Did anyone notice SMH Political Editor, Peter Hartcher, announce the death of Capitalism yesterday? No? I thought you might have missed it. I’m pretty sure it wasn’t intentional – I don’t think Hartcher is a secret agent of Marxism. His piece yesterday, “Hit by the debt boomerang” was typical Hartcher – right topic, hilarious analysis. It’s also an interesting insight into what the elites are thinking (and it’s kind of scary) – they no longer know WTF is going on.
Hartcher touches on a deeply troubling truth, and then masks the horror with the rose-tinted glasses of how awesome Australia is. His deeply troubling truth? That ‘there is no such thing as private debt’. Let me repeat that in case you missed it – THERE IS NO SUCH THING AS PRIVATE DEBT. Let’s chew that over for a while and consider what it means firstly for capitalism as the dominant mode of structuring global society, and then work out what that means for Australia.
Take the ‘no such thing as private debt’ insight to its logical conclusion, and we find the ethical/normative platform for the private control of capital falling away. That’s because debt is capital, capital that is owed by one entity to another. It’s also an investment – banks and other financial institutions lend capital for others to invest, and then repay to the lender at a profit. Debt is also the bedrock of capitalism – it’s the only way that sums of capital large enough for large-scale profit making projects can be gathered together. Without debt there are no longer (private) large scale sources of capital, without debt there are no longer large scale (private) projects. Debt is nothing other than the Faustian bargain of capitalism. It’s the inferno that must be constantly fed more capital/profit to keep on burning – once the fire stops the system runs out of steam. It’s why nation-states all over the world stepped into bail out the banks – according to the logic of the system there was no other choice.
In short, if all debt is public then the private control of capital is essentially pointless, except for a few individuals profiting from sitting at the top of the shit heap. As I tweeted recently about Peter Reith’s ‘advice’ to Egypt to privatise its banks – all my problems would be solved if I owned a private bank.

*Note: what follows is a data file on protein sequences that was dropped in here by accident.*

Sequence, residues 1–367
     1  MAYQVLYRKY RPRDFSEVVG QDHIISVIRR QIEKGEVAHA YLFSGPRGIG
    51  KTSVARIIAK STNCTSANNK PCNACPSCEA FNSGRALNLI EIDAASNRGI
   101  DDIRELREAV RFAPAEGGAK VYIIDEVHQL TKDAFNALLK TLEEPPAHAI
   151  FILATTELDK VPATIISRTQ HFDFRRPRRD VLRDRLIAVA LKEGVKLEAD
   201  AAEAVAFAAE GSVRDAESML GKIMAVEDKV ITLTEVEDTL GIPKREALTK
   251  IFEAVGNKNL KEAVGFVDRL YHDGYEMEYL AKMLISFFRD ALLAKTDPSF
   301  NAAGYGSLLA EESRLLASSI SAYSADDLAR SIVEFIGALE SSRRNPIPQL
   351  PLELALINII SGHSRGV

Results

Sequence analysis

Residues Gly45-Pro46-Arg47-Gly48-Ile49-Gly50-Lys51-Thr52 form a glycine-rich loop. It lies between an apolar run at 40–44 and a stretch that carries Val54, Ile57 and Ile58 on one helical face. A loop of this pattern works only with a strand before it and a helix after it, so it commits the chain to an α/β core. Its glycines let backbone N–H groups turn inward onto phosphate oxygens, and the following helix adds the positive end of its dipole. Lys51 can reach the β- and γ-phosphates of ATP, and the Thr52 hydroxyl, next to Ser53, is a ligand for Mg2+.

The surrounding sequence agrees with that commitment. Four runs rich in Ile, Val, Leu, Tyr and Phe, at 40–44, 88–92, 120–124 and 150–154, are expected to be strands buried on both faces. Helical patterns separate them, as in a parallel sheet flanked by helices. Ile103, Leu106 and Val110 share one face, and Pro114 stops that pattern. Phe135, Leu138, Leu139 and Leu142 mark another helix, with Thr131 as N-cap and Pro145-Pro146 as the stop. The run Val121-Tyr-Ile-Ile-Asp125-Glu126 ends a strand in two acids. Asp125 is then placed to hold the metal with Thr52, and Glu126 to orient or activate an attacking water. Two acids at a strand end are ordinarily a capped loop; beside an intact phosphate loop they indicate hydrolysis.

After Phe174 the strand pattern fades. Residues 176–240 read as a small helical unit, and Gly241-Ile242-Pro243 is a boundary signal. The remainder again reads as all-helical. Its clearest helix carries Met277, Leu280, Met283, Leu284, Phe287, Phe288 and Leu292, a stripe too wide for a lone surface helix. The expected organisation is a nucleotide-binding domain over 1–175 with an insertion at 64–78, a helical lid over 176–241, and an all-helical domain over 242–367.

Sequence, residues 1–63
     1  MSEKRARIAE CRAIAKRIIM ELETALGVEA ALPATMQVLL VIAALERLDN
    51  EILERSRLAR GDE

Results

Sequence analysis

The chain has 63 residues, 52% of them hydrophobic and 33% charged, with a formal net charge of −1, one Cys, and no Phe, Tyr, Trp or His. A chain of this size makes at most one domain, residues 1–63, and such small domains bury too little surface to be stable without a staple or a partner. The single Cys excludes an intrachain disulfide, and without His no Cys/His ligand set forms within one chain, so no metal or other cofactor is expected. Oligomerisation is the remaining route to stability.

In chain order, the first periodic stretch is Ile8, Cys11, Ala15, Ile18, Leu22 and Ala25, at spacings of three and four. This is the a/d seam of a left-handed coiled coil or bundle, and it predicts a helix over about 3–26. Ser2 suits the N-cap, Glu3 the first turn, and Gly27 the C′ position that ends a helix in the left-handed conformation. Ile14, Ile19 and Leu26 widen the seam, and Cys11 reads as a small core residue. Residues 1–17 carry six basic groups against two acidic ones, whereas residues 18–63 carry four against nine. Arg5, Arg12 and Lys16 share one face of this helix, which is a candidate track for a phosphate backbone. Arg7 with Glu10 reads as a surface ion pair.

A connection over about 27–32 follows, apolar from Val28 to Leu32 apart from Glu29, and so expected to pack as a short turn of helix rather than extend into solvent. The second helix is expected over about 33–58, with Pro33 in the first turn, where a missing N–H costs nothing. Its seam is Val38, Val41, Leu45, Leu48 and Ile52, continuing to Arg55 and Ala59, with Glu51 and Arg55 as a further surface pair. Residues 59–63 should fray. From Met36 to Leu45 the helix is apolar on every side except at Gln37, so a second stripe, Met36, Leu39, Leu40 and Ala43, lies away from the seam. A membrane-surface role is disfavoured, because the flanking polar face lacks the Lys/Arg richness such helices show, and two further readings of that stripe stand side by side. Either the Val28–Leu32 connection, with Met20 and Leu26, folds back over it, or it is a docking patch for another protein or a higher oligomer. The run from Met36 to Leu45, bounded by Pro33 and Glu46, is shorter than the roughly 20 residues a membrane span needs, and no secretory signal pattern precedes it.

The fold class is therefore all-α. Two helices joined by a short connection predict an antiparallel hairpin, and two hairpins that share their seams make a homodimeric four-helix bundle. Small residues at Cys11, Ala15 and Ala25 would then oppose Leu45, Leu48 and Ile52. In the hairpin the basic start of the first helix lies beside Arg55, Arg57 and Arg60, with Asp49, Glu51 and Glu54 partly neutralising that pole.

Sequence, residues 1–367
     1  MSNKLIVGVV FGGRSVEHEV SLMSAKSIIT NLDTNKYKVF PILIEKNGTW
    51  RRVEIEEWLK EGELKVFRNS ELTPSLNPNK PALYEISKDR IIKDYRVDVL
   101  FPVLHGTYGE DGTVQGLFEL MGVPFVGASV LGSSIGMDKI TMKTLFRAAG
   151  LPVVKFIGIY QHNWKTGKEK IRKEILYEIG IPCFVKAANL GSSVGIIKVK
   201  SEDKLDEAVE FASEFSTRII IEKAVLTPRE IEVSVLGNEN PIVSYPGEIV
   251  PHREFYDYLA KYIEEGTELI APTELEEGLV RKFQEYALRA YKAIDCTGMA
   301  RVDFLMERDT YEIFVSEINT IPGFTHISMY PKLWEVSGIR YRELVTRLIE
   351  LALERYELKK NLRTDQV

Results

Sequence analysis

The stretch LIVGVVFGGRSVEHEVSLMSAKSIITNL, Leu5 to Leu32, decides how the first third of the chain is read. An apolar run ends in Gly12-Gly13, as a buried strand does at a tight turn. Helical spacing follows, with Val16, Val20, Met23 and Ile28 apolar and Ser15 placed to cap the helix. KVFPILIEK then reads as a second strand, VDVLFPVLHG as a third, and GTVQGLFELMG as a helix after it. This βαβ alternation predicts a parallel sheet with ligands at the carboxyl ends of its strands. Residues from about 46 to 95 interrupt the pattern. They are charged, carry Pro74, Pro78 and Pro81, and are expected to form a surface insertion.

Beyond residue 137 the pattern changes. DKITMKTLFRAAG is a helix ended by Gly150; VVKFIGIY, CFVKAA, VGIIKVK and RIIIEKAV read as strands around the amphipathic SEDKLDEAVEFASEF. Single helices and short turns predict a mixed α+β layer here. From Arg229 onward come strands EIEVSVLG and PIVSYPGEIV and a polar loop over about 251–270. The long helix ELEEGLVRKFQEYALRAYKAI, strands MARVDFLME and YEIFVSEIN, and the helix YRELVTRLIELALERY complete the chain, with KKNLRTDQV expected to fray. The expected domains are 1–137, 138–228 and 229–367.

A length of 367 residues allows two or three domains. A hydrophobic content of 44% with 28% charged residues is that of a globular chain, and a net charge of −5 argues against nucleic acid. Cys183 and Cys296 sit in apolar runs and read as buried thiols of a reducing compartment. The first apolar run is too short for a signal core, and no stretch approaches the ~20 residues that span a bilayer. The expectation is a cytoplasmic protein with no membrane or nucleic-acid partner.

Bringing this post back to the here and now – it means that Australia needs to get ready for the politics of both private sector and public sector austerity. If there is no such thing as private debt, then Australia is stuffed. While Commonwealth debt is sitting at or around 7 per cent of GDP (according to Hartcher), Australia’s private debt is now over 100 per cent of our collective incomes.It’s why Australian consumers have had the good sense to maybe start saving a bit more recently.
But Hartcher’s response is to find comfort in the current elite myth of Australian exceptionalism. According to Hartcher, Australia is a safe-haven where everything will be alright if we continue the hard task of pursuing (neoliberal) economic reform. He writes, the “Hawke-Keating and Howard-Costello governments collectively spent 23 years reforming the economy, a bipartisan project of opening it to the world, making it more competitive, improving its systems and institutions.” In other words, the US and Europe are stuffed because of their turn to neoliberal economics and Australia is going to be alright because we’ve gone down the neoliberal path. Cognitive dissonance much? Maybe Australia has been temporarily shielded because we have a lot of natural resources to invest in, in an otherwise resource depleted world?
I don’t mean to be tough on Hartcher as an individual but rather highlight is position as a well-paid spokesperson of elite thinking. His concluding advice, quite frankly scares me, “[t]he Gillard government needs to press ahead with a serious reform agenda and look to new ways of consolidating the federal budget. And the Abbott opposition needs to stop scaring the pants off the public.”
The neoliberal social settlement was different to the Keynesian one though – it was predicated on profiting off its own destruction. Like the human body eating away at its own organs to ensure its short-term survival. Profit has come from flogging off bits of shared wealth such as public services, and getting families with less and less to cough up more and more. This has made us sicker and sicker – especially as we continue to draw down upon nature as the true lender of last resort. We may have reached a new stage 0f capitalism where it is no longer able to provide for a majority of people in a minority of privileged nations. The only things which now bind us to the system are force and fear of the unknown.